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India: 12 Convicted for Plot to Kill Modi in '06

Akash Vashishtha
New Delhi
2016-07-28
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Sayed Zabiuddin Ansari wears a hood to hide his face as police escort him into a court in New Delhi to face charges related to the 2008 Mumbai attack, July 5, 2012.
Sayed Zabiuddin Ansari wears a hood to hide his face as police escort him into a court in New Delhi to face charges related to the 2008 Mumbai attack, July 5, 2012.
AFP

An Indian court Thursday found 12 men guilty of procuring weapons and explosives as part of a conspiracy to assassinate political leaders including India’s current prime minister who were accused of fanning the Gujarat communal riots in 2002.

Among those convicted in the case linked to a weapons haul in Maharashtra state 10 years ago is Sayed Zabiuddin Ansari, alias Abu Jundal, who is accused of playing a key role in the Mumbai terror attack of November 2008.

“This was a conspiracy after the 2002 Gujarat riots to eliminate then Gujarat CM [Chief Minister] Narendra Modi and VHP [Vishwa Hindu Parishad] leader Pravin Togadia,” the Maharashta Control of Organized Crime Act (MCOCA) court said while delivering the verdict.

The week-long violence claimed the lives of 790 Muslims and 254 Hindus, according to official figures. The riots broke out after a train full of Hindu pilgrims was set ablaze, killing 58 people.

Modi, who was Gujarat’s chief minister at the time, and Togadia, leader of right-wing Hindu nationalist organization VHP, were accused of instigating Hindu mobs to attack Muslims, but those charges were never proven.

100 witnesses, 2,000 documents

On May 8, 2006, more than four years after the riots, a team from Maharashtra state’s Anti-Terrorism Squad chased two cars on the Chandwad-Mammad Highway, near Aurangabad, and arrested three suspects from one of the intercepted vehicles.

Jundal, 35, who was allegedly driving the second car, managed to elude police and drove to Malegaon, from where he escaped to Pakistan through Bangladesh and then to Saudi Arabia, the prosecution said.

Both vehicles were recovered by police who seized 30 kg (66 pounds) of RDX explosive material, 10 AK-47 assault rifles and 3,200 bullets from them.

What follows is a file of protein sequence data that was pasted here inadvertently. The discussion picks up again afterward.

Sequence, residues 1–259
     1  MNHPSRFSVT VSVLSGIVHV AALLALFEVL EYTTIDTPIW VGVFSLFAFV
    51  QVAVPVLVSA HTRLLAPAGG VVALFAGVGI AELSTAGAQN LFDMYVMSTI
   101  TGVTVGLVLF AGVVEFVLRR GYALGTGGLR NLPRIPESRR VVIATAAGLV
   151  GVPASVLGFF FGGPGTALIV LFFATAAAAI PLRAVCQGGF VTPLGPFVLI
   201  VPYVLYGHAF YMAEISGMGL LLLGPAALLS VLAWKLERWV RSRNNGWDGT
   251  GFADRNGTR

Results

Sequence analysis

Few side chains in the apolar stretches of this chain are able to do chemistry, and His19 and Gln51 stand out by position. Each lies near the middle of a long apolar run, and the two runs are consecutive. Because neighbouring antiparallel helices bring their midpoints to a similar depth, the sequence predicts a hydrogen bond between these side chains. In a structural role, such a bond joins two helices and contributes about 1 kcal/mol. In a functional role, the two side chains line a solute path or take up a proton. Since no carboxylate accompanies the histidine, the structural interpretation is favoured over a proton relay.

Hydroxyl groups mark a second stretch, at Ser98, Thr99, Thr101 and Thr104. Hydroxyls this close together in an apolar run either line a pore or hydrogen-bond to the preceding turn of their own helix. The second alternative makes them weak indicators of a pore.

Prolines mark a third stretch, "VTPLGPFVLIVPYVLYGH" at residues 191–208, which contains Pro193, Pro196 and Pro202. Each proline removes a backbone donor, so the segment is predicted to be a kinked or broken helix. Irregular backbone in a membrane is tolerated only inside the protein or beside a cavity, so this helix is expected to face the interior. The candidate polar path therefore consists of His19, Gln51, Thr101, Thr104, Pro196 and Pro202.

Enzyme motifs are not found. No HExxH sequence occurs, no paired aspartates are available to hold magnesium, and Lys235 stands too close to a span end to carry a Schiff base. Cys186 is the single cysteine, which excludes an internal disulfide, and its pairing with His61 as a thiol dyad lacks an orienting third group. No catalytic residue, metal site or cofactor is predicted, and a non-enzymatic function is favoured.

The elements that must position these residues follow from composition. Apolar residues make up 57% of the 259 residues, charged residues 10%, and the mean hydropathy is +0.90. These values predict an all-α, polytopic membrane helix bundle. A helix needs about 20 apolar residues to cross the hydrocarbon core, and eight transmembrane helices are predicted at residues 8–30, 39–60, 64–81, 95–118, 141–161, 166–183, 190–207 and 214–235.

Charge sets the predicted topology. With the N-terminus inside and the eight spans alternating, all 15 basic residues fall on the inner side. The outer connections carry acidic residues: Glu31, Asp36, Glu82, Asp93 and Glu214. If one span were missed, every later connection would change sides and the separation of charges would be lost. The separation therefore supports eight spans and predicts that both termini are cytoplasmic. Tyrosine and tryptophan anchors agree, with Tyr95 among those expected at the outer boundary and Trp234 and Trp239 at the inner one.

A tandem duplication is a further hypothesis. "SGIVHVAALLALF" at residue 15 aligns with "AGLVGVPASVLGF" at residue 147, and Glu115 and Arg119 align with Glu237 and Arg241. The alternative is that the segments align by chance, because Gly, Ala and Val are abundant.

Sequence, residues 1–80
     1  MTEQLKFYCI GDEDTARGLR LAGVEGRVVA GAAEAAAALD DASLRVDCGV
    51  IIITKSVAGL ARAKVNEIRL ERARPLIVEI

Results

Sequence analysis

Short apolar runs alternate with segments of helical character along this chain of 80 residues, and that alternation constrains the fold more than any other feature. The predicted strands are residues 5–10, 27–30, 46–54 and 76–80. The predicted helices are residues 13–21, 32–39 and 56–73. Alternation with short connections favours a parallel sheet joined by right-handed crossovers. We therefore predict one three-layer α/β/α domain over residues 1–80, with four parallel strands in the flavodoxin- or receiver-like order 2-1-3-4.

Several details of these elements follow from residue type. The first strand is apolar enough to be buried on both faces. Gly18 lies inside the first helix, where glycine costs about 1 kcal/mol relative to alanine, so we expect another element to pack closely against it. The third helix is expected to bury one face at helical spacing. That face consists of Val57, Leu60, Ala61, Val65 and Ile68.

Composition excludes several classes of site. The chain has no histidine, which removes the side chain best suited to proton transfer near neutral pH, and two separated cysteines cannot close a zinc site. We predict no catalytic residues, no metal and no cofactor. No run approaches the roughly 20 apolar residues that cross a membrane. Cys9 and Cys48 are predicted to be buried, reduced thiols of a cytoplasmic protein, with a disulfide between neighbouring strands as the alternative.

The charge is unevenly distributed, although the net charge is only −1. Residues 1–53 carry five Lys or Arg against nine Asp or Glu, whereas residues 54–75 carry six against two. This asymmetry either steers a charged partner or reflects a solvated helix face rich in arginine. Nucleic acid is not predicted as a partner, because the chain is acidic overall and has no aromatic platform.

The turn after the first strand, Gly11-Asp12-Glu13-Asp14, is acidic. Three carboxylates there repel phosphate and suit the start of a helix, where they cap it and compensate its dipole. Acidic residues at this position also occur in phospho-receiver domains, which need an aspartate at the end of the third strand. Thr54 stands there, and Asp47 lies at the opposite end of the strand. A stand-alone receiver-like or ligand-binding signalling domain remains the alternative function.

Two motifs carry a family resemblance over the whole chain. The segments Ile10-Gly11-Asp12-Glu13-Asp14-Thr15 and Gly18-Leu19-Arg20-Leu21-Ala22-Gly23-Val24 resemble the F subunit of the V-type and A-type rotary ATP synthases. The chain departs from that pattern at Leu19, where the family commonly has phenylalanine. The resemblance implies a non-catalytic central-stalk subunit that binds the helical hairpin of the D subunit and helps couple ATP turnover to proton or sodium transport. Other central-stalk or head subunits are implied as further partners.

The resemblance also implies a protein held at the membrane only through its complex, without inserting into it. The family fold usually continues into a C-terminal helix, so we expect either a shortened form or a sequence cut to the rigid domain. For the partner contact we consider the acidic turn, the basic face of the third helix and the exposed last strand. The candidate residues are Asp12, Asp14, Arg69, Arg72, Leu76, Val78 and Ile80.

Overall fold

Jundal, alleged to be one of the handlers of the 10 Lashkar-e-Taiba (LeT) members who launched a series of coordinated terror strikes in Mumbai on Nov. 26, 2008, which killed 164 people, was arrested in 2012 after Saudi Arabia deported him to India.

Following Jundal’s arrest, the country’s National Investigation Agency (NIA) brought charges against 22 people for the 2006 weapons haul, under sections of the Unlawful Activities (Prevention) Act, Explosive Substances Act and the Arms Act.

While the court convicted 12 of them, eight were acquitted, one testified against the others and one has fled. Sentencings are expected early next week.

The trial, which concluded in March, saw prosecutors examine 100 witnesses and more than 2,000 documents. They claimed there was direct evidence to link the weapons to Pakistan.

Soft-spoken

Analysts closely following the case expressed surprise at the conviction of Jundal, known to be a soft-spoken electrician from Maharashtra’s Beed district.

“Although I believe that the judiciary is impartial, the draconian laws of India allow the evidence required to be of much lesser quality while giving security forces vast powers to cook up confessions,” Irfan Engineer, director of the Mumbai-based Institute for Peace Studies and Conflict Resolution, told BenarNews. “Under such laws, even human rights bodies are unable to defend those on trial.”

“The Urdu press had frequently come out in Jundal’s defense based on interactions with his family and friends saying he was wrongly accused as there was no evidence to link him to the weapons haul,” Engineer added.

Senior criminal lawyer Amit Khemka also raised doubts, citing the delayed verdict.

“Jundal was deported in 2012. Why did it take four years to deliver a verdict in the case? The whole purpose of conviction is defeated in such cases,” he said.

“Such trials should be held on a day-to-day basis. The courts need to scrutinize the witnesses to be examined on the basis of their relevance so that the case can be dealt with in a timely fashion,” Khemka told BenarNews.

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